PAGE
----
Tragaluz: While the food at Tragaluz is excellent, part of the appeal of this hip Miraflores restaurant is that it doesn’t take itself too seriously. The decor blends pop art with a garden conservatory, while the bubbly staff are equally happy to have a joke with you or take a deep dive through the seafood-focused menu.
Central: It’s not by accident that Central has been selected as not only the best restaurant in Latin America, but the second best in the whole world, according to The World’s 50 Best Restaurants rankings. This jewel in Barranco has an unforgettable 16-course menu and requires booking months in advance.
How to enjoy Lima after hours
Carnaval: In a city of 11 million people, it’s perhaps folly to pick its best drinking spot, but Carnaval is surely Lima’s most pioneering, debuting as the highest new entry on the World’s 50 Best Bars list back in 2019 and kickstarting its contemporary cocktail scene. Elaborate creations include the dark and stormy, served steaming in a little glass teapot.
Barranco Beer Company: Microbrewing hasn’t caught on in Lima in the same way it has in other Latin capitals, but this family-run spot has produced 17 different types of beer since it was founded in 2013. Now the team offer tastings at their site in the Banco Popular building in Barranco.
Barra 55: If you’re looking for something beyond pisco sours, Barra 55 in the heart of Barranco is a real cocktail specialist, with a particular love of negronis. The music is jazz and the staff ruthlessly hipster in their presentation, while the bar itself gives the impression of an old Spanish apothecary.
What to buy in Lima
Wine: Vines planted in Peru by the Spanish are among the oldest in South America, and after years of decline, Peruvian bodegas are making a comeback. Curador, in Miraflores, doubles as a bar and shop.
Coffee: Although Lima is located in the midst of a desert zone, the country as a whole has incredible geographical variety, which goes some way to explaining why it’s one of the continent’s best coffee-growers. Specialist shop El Buen Café D’ Martin, in the Mercado Magdalena, has beans from various regions and will, of course, allow you to try before you buy.
Chullo: The Indian Market in Miraflores sells all manner of souvenirs, some of which are more authentic than others. While many of the items verge on the side of novelty, the distinctive chullo hats on sale here can be seen being worn across Peru. Particularly well suited for fans of warm ears and bobbles, they come in an infinite number of colour and pattern combinations.
Enjoy Lima lika a local
Eat at a chevicheria: There’s currently something of a mad scramble to eat in Lima’s brilliant new fine dining restaurants, but for a taste of something more traditional, find some fresh ceviche. Raw fish part-cooked in citric juices, it is arguably the definitive taste of the coast. La Mar Cevicheria Peruana is a fine example.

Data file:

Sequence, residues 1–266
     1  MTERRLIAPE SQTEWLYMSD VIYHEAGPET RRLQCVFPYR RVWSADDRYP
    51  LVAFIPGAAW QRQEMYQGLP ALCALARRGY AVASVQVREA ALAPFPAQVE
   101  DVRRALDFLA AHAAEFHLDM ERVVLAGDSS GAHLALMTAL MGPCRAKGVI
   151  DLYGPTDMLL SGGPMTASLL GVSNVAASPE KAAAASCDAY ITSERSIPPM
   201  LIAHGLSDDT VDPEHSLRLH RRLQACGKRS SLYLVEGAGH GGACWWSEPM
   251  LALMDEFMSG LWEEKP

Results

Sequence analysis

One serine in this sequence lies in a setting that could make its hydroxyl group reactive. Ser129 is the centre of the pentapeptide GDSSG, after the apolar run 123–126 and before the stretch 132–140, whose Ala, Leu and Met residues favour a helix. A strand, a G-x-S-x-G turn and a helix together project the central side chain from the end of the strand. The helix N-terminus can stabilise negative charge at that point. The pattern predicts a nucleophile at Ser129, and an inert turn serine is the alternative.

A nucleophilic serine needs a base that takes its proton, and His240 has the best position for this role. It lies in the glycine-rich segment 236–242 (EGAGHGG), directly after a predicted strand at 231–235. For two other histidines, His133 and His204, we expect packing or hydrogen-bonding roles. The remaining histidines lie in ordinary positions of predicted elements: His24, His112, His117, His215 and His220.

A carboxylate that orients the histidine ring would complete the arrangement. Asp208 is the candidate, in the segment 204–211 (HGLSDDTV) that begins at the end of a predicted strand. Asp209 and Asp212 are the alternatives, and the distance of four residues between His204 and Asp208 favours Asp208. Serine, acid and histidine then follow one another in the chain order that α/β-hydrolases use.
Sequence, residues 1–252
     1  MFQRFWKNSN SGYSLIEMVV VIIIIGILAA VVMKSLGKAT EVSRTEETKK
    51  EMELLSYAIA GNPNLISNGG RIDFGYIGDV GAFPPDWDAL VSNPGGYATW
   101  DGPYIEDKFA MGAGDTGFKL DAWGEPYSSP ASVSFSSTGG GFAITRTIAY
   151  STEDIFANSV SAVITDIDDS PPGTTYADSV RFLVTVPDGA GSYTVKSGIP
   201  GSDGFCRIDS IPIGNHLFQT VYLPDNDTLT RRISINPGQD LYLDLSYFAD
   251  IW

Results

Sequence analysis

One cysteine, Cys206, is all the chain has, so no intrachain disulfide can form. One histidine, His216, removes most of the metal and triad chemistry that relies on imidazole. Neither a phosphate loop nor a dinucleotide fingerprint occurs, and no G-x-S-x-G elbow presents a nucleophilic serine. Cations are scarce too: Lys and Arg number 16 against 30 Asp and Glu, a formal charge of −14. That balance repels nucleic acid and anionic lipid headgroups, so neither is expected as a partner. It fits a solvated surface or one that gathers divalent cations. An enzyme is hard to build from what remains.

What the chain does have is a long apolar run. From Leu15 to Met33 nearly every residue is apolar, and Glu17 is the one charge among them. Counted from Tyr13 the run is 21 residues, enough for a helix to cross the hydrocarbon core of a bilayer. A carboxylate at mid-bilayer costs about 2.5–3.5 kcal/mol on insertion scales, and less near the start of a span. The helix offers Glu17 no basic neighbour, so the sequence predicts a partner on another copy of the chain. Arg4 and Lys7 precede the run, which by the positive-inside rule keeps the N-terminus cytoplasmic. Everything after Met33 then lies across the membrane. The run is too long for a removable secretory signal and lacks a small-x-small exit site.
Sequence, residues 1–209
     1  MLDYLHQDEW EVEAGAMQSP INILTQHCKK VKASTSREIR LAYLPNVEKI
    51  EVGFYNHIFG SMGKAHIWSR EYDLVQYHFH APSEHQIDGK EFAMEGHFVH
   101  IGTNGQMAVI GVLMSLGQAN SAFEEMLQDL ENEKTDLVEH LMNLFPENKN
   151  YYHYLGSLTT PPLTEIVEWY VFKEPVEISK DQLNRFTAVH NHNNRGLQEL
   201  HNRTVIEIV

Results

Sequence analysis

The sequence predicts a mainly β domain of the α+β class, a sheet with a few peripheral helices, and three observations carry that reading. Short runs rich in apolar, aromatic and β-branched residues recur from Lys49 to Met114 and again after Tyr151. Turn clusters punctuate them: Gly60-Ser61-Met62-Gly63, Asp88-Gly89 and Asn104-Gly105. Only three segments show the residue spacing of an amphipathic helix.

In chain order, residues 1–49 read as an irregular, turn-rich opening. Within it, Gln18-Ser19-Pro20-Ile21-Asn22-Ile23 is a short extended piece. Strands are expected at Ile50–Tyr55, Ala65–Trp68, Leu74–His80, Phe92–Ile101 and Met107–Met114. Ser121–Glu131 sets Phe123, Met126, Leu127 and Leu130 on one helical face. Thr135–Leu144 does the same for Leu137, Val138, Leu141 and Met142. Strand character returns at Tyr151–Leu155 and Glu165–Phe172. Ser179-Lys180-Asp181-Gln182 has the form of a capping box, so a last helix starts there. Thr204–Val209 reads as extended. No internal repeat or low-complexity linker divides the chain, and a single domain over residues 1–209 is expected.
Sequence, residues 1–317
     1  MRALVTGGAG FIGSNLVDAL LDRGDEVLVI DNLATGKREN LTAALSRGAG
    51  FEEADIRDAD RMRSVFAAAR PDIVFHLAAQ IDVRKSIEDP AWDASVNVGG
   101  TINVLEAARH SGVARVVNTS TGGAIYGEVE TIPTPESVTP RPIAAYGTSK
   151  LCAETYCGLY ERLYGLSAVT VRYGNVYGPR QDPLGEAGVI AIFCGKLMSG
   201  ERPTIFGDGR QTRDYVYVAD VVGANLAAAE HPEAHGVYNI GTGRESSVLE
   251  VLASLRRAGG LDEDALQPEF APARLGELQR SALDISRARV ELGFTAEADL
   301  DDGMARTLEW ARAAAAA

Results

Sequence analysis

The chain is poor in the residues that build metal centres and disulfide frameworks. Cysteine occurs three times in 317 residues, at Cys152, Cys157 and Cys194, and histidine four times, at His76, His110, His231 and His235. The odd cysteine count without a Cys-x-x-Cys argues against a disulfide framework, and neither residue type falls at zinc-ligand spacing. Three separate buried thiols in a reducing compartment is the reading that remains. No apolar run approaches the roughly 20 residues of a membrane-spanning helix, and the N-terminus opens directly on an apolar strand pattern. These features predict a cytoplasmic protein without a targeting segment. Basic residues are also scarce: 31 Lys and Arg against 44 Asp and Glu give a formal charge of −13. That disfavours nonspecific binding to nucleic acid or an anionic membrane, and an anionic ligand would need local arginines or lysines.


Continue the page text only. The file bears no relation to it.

Stroll along the Malecón: Whether browsing for a bargain in the subterranean shops, perambulating with an ice cream or looking out for daredevil paragliders swooping around the Pacific-facing cliffs, hanging out along the Malecón is a favourite way for Limeños to pass time, especially on weekends.
Explore an ancient olive grove: Owing to its desert climate, Lima isn’t the greenest city in South America, but in El Olivar, it has one of the most enchanting parks on the continent. First planted by the invading Spanish 500 years ago, this olive grove continues to thrive as the well-heeled San Isidro neighbourhood grows around it.
As improbable as it seems, less than an hour from the heart of this colossal city you can find colonies of Humboldt penguins on the Pachacamac Islands.
Where to stay in Lima
Black Llama Hostel: If you want to stay in Miraflores but can’t stretch to some of the more exorbitantly priced hotels in the neighbourhood, the popular Black Llama is a fine option. With a mix of private rooms and small-scale dorms, it’s owned by three travellers who’ve poured their hard-won experiences from the road into a pretty idyllic hostel.
B: Located on the fringes of Barranco, Hotel B is an art hotel set in a historic building that’s cool without being pretentious, and stylish while still being practical. What its El Bar lacks in its naming it more than makes up for with its inventive cocktails.
Miraflores Park, a Belmond Hotel: With this hotel, Belmond has broken from its usual model of refurbishing a traditional building — inside this clifftop towerblock, you’ll find some of the most comfortable rooms in the city, some with spectacular views of the Pacific Ocean, and Belmond’s usual dedication to exemplary service.
Getting there & around
There are no direct flights between Lima and the UK. There are instead several connections through hubs in the US with the likes of Avianca, British Airways and KLM.
Average journey time: 16h.
The Metroplitano bus network is the safest and most straightforward of Lima’s myriad bus systems. Buy a rechargeable card (S5/$1.40) from any metro stop.
Taxis in Lima are generally reliable and affordable, and ride-sharing services such as Uber and Cabify operate throughout the city.
When to go
Lima’s winters (June–October) can be surprisingly cold (from around 15C to 20C) and are almost always grey. As the world’s second-largest desert capital, there’s little chance of rain at any time of the year, apart from the odd spell of drizzle. February is the hottest month, with average highs of around 28C.
Andina: The Heart of Peruvian Food, by Martin Morales, Quadrille Publishing, £27.
How to do it
Journey Latin America offers 14 days in Peru, with two nights in Lima before exploring highlights such as Machu Picchu, Colca Canyon and Lake Titicaca. From £5,096 per person, including flights from the UK, domestic flights in Peru, transfers, superior hotels on a B&B basis and excursions.
Published in the March 2023 issue of National Geographic Traveller (UK)